Julie White at 3:23pm April 23: Ideally, I think that the majority of the rights that come with marriage should just be given to people as basic human rights–you know, like health care, adoption for anyone who’s a fit parent and wants to make a family with anyone else–but as long as we live in a state that thinks that monogamous committed relationships should be rewarded, then … Read Morelet’s at least be equal about that. But in Julie’s utopia, no one kind of human relationship (as long as it’s consensual and doesn’t infringe on anyone else’s rights)would be privileged over another (I know, dream on)… off my soapbox…but this is why I actually have a hard time with the gay marriage issue…a lot of ambivalence.

Jason Crane at 4:07pm April 23: @Julie: Right on! Although I don’t think any of those rights should be given. We’ve already got them. I think we need to stop letting the corporate state take them away. But that’s just me being a punk. And shamelessly stealing from Utah Phillips.

Brenda Yarger Abel at 4:27pm April 23: Wow! Way to promote tolerance.

Jennifer Cornish at 4:59pm April 23
I’m strongly opposed to asshole marriage. Letting assholes get legally married just sullies it for the rest of us. It’s just sick. I mean, there are all kinds of statistics showing that assholes are behind the majority of domestic violence attacks, robberies, burglaries, bombings, wars and crappy BSG season finales. And I’m pretty sure that being … Read Morean asshole is very strongly correlated with being a pedophile. I mean, how can we let these people get married and (GOD FORBID) have kids? It’s like they ruin marriage for us decent people who just want to raise our non-asshole kids to be non-assholes. I’m not saying they should be discriminated against for being assholes. I mean, people can be however they want to be in the privacy of their own homes, but when public schools teach that it’s ok to be an asshole, that’s where I draw the line. Once we let them get married, they’re going to turn the rest of us into assholes too.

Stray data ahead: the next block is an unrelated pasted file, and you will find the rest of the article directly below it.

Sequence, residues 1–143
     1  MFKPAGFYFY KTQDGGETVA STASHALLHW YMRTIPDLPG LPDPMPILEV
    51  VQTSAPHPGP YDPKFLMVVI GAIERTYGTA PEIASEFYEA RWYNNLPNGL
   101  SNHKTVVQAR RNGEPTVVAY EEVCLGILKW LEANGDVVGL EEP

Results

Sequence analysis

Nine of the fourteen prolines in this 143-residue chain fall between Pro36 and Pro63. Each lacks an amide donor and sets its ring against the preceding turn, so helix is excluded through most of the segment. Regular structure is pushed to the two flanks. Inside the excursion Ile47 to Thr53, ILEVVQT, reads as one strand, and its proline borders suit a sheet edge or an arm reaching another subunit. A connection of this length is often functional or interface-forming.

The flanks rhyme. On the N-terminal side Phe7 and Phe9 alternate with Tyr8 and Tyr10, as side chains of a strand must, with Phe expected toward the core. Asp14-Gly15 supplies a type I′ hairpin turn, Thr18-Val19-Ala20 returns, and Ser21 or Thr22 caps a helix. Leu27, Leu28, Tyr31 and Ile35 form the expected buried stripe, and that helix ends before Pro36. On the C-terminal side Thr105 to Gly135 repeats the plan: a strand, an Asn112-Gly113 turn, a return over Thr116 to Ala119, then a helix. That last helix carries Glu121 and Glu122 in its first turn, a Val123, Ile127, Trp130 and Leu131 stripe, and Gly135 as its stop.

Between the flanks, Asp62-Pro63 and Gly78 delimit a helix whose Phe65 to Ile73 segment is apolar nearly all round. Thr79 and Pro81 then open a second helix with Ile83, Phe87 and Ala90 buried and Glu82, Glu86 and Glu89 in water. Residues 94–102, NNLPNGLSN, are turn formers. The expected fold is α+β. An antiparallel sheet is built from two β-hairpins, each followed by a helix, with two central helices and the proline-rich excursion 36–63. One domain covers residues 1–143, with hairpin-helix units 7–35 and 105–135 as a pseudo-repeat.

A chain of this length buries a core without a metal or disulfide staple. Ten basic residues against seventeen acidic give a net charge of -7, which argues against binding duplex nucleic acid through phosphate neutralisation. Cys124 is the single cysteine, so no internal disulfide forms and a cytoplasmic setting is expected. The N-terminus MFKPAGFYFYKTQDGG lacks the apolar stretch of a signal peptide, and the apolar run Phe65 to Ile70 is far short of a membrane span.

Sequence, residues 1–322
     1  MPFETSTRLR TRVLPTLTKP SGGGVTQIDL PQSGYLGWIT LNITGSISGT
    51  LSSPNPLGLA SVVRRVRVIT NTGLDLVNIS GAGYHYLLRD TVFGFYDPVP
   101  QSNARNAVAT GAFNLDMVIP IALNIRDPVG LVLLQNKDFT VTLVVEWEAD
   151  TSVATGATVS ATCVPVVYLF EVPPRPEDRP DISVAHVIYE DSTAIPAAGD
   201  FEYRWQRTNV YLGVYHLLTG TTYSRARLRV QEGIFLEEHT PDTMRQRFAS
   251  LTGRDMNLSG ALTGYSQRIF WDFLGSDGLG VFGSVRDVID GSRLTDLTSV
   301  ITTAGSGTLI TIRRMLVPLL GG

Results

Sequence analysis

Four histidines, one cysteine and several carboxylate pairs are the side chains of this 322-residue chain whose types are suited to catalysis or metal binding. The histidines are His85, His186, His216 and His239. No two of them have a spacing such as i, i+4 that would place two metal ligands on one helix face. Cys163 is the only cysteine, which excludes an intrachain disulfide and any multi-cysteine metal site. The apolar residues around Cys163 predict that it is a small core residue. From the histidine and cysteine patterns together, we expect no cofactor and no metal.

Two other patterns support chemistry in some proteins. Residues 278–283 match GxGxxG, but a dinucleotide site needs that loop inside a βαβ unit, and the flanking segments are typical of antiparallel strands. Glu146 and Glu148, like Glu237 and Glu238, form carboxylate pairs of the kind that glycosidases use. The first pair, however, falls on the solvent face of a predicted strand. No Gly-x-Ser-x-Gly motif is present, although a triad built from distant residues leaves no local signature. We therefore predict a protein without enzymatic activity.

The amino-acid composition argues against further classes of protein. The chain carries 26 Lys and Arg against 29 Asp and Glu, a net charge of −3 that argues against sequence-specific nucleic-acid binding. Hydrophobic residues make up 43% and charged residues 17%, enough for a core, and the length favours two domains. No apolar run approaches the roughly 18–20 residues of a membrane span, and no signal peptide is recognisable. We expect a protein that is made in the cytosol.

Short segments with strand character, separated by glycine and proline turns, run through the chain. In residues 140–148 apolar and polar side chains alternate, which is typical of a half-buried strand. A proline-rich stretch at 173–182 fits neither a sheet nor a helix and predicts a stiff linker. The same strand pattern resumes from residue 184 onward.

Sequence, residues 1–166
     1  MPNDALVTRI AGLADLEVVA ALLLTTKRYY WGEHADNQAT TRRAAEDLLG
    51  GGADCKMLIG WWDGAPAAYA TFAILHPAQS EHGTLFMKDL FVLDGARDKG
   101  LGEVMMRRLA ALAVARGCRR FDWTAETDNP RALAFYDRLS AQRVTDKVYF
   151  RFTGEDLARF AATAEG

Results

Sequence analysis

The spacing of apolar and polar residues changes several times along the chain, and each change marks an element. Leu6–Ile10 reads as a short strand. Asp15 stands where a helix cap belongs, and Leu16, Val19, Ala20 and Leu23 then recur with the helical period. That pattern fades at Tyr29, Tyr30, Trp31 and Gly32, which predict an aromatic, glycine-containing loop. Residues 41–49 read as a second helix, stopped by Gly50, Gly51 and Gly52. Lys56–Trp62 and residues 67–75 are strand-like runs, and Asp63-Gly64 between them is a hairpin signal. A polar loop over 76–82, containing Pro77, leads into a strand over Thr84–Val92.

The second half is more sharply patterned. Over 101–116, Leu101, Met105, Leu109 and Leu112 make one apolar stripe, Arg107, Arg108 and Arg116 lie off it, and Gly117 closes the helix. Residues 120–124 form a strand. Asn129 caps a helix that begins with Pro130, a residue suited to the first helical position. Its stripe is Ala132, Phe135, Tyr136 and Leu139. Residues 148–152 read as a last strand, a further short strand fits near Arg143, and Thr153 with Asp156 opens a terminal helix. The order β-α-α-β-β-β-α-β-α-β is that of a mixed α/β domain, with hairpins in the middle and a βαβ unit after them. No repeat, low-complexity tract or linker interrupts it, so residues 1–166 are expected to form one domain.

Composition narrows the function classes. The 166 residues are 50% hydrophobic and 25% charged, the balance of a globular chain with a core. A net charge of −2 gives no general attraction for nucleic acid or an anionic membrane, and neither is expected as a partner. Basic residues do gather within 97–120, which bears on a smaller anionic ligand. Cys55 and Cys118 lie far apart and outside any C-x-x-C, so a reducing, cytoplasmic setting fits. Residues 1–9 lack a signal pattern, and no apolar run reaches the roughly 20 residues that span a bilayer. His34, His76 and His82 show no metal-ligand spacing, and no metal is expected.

Jason Crane at 5:14pm April 23: Amen!

Jason Crane at 5:59pm April 23: @Brenda: It’s always hard to tell if someone’s kidding or not on this here Facebook. But in any case, I’m kinda over being tolerant of intolerance.

Jennifer Cornish at 7:57pm April 23: Is tolerance of bigotry ‘tolerance’? Interesting question.

Brenda Yarger Abel at 10:12pm April 23: Is it not possible to oppose gay marriage, without being intolerant of those who support it? Since bigotry, by definition, is intolerance of anothers beliefs religion or opinion, it would appear that the one F-bombing those who disagree would be a better example of the bigot.

Jennifer Cornish at 2:30am April 24: I think that by saying ‘Fuck You’ to gay-marriage opponents, Jason is being less of a bigot than those people fighting to take away the right for responsible, consenting citizens to get married and live their own lives in peace. I wouldn’t try to actively take away a bigot’s right to be a bigot. 🙂

Jason Crane at 7:13am April 24: Thanks, Jenn. You’ve said it better than I could have. I’m just tired of having people’s religious views imposed on my supposedly secular government. Discrimination and bigotry in the name of religious opinion are still discrimination and bigotry. No excuses.

Many people who are smarter than I have made the following point more intelligently, but here goes: You don’t get to shout “intolerance” when people oppose your bigotry. If you try to deny people their civil rights based on your religious preferences, then you are a bigot, and no one — absolutely no one — is bound to respect your point of view or shy away from denigrating it.